Last week, on my 50th birthday, the "formal" beginning of this whole hermitage phase of my life, I woke up at about 5:00 AM from a very odd dream. In the dream, I was waiting for a table at a fancy seafood restaurant. Out in the lobby, there were aquariums filled with strange fish that were on the menu. My name was called to be seated at a table, but the hostess explained that before I could be seated, I had to disclose my religion. I told her that I didn't have a religion, but I did have a Guru. She asked me the name of my Guru, and I blurted out “Poonja Swami” before I could even think further. For a moment I felt some sense of guilt or uncertainty, that perhaps I should have said Ramana or Saradamma, but it seemed telling that my immediate response was Poonja Swami. I was asked to write his name on a slate, and I did, but I misspelled it as “Pooja Swami”.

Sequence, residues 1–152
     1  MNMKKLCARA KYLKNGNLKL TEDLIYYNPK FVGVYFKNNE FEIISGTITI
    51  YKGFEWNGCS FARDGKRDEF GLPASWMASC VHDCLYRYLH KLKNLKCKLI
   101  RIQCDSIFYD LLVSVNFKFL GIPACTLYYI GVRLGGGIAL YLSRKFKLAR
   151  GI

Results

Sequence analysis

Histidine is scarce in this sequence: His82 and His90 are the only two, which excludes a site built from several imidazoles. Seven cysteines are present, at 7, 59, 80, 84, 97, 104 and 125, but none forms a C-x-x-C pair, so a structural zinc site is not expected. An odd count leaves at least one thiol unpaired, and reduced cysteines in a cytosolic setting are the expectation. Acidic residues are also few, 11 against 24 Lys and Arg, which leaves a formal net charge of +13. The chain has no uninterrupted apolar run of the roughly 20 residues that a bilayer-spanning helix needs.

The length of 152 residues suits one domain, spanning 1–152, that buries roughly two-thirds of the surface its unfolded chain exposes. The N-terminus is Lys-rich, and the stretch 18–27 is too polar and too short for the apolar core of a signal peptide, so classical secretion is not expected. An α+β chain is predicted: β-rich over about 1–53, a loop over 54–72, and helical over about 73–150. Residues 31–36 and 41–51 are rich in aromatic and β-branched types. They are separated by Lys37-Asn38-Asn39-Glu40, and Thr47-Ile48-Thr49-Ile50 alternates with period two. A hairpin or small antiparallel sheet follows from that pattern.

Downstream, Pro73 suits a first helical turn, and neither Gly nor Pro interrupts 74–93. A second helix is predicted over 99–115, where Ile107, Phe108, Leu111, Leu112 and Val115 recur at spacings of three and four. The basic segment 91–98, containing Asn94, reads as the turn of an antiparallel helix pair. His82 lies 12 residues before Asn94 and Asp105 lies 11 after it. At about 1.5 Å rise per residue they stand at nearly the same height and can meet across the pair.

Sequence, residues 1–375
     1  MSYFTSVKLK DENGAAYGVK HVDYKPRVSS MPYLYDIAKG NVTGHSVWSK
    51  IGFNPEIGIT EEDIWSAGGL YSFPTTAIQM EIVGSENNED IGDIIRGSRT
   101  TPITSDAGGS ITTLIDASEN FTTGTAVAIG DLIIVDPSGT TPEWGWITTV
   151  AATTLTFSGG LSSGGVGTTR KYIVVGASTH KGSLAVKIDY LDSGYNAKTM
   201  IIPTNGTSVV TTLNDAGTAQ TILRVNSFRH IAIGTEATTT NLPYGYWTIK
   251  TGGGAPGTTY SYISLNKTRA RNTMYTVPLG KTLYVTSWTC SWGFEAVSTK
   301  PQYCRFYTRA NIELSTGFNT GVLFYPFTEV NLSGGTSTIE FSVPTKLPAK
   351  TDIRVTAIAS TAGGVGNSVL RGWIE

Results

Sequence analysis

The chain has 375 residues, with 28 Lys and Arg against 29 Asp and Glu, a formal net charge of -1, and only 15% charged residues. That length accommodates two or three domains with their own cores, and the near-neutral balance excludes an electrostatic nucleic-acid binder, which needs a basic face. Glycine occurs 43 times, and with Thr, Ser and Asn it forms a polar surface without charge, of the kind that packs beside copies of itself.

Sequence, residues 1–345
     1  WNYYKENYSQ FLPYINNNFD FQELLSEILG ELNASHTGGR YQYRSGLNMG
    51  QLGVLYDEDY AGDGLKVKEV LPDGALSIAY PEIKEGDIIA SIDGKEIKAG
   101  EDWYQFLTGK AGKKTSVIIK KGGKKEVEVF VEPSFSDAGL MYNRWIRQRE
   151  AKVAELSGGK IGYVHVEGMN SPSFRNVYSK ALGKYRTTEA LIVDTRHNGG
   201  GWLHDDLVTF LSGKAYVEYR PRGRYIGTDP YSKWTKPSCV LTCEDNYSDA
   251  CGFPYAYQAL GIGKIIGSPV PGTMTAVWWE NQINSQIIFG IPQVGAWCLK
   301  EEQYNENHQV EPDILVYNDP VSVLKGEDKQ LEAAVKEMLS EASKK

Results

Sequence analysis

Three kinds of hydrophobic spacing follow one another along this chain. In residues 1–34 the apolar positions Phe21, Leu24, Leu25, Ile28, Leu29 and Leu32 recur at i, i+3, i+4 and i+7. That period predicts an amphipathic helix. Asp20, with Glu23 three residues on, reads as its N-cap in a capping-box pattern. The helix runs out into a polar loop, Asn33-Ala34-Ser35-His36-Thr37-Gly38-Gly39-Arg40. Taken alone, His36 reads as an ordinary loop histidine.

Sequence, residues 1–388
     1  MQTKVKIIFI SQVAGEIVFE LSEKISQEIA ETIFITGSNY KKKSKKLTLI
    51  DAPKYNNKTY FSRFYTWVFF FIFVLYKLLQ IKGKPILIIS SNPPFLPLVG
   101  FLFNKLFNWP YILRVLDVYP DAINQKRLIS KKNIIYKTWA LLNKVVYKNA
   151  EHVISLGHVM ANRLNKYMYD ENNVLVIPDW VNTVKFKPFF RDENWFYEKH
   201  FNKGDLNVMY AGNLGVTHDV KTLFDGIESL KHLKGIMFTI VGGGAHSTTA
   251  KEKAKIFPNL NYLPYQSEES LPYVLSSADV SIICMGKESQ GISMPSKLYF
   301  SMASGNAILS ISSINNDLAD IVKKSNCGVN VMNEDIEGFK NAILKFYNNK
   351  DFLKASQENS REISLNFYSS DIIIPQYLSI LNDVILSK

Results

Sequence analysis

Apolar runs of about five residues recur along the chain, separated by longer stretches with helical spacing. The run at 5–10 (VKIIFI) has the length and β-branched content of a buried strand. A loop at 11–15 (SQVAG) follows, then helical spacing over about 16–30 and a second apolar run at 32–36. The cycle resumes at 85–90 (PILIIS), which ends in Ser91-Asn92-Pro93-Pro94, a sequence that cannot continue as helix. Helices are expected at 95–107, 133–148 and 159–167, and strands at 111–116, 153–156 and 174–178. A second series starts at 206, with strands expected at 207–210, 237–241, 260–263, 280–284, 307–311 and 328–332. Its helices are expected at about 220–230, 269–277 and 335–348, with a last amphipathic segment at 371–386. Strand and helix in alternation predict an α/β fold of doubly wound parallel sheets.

On awakening, I felt into this dream, and something about it felt right to me. I have no real clue about my whole relationship to Gurus, and what any of that ultimately means. But there's some solid reason to feel a strong connection to Papaji. For one thing, he's the only one of these neo-Advaitin guys that I ever actually met in the flesh, back in 1974 in Saanen Switzerland when I was there to see J. Krishnamurti's talks for the summer. I was just 16, and I had no idea who Papaji was at the time. He was just this very impressive looking Indian dude hanging out in the tent where Krishnamurti gave his talks. They had a book stall in the back of the tent, and after Krishnamurti's talks I would linger there and look at the books. I noticed Papaji hanging there also, looking at the books. Something about him struck me as incredibly mature. He seemed to carry himself with such confidence and ease, without self-consciousness or ego, just a mature human being, and I thought to myself, damn, that's what it is to be a man. I wanted to sidle up to him and strike up a conversation, but I felt a bit nervous about this. I did stand next to him, and noticed that he was looking at the books in the Ramana Maharshi section, and I wanted to point out the “Talks with Ramana Maharshi” book to him and recommend it, but something stopped me. I just wasn't sure if I should impose myself on him. So I didn't. Regrets? Perhaps! Of course, it would have been rather hilarious to recommend Ramana's books to one of Ramana's primary disciples, but that's another story. In any case, I went home to my room in a local farmhouse, and began studying the same book of Talks, and while reading Ramana something extraordinary happened. I began to watch my mind speed up, as if it were a tape recorder playing at high speed, accelerating faster and faster, all my thought whipping around in a frenzy, and then suddenly the whole tape slid down the back of my head, through my neck, and into the right side of my heart. Suddenly my mind was empty, and a tremendous feeling of peace pervaded me, and the whole world. I stopped reading and simply sat in this peace, and it persisted for days on end. My mind slowly came back, but it was easy to simply sit without mind, to walk without mind, and to simply feel this pervasive peace in the midst of everything. Over the next few days I went on walks in the Swiss countryside, and on a couple of occasions I came across Poonja Swami and some of his friends walking also. I didn't say anything, and I didn't even connect the experience to him. But I realized that I had seen him several times before around town, in the tent, and even on leaving the train station on arriving in Saanen weeks before.